Clements: Under the Swampbuster program, farmers must conserve wetlands or lose eligibility for farm programs or crop insurance premium discounts. The program, started in 1985, has helped farmers to better conserve and significantly lower ag losses of wetlands. However, Don Parrish, senior director of regulatory relations at the American Farm Bureau Federation, says the program needs an update.
Parrish: I think it’s been a successful program. Farmers try to avoid ineligibility for receiving farm program benefits and they don’t convert wetlands. The problem that you have though is over time, the way NRCS is administrating this program, they’ve not done everything Congress has asked them to do in terms of implementing this statute.
Clements: An important component of Swampbuster for agriculture is the prior-converted cropland designation. It exempts farmland that was converted from wetlands before the 1985 farm bill from the program. Parrish says this designation is paramount so that the daily operations of a farm or ranch business are not hindered or penalized.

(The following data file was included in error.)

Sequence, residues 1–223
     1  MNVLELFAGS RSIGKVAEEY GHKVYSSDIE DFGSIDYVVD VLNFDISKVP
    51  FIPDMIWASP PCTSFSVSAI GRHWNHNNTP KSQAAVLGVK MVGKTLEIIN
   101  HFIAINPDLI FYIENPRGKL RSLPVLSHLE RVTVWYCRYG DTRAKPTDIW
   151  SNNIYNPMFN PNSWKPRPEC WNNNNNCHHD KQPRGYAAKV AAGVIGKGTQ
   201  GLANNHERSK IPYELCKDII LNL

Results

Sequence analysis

Parrish: Congress provided a lot of exemptions for farmers doing things like removing a tree, or cleaning up a fencerow, or replacing a fence, or improve land they have already converted. And, unfortunately, some of those types of activities are causing farmers to lose farm program benefits, or it is costing them a lot of money to go to an appeals process that really is not easy for the farmer to navigate.
Clements: Parrish says the Swampbuster program needs to offer a more transparent and simple appeals process.
Parrish: Farmers deserve a program that works. They’re going to be out there protecting wetlands on their property. We want this program to be operated in a way where farmers can protect the land that was converted. And making sure that happens is a huge priority for Farm Bureau.
Clements: Micheal Clements, Washington.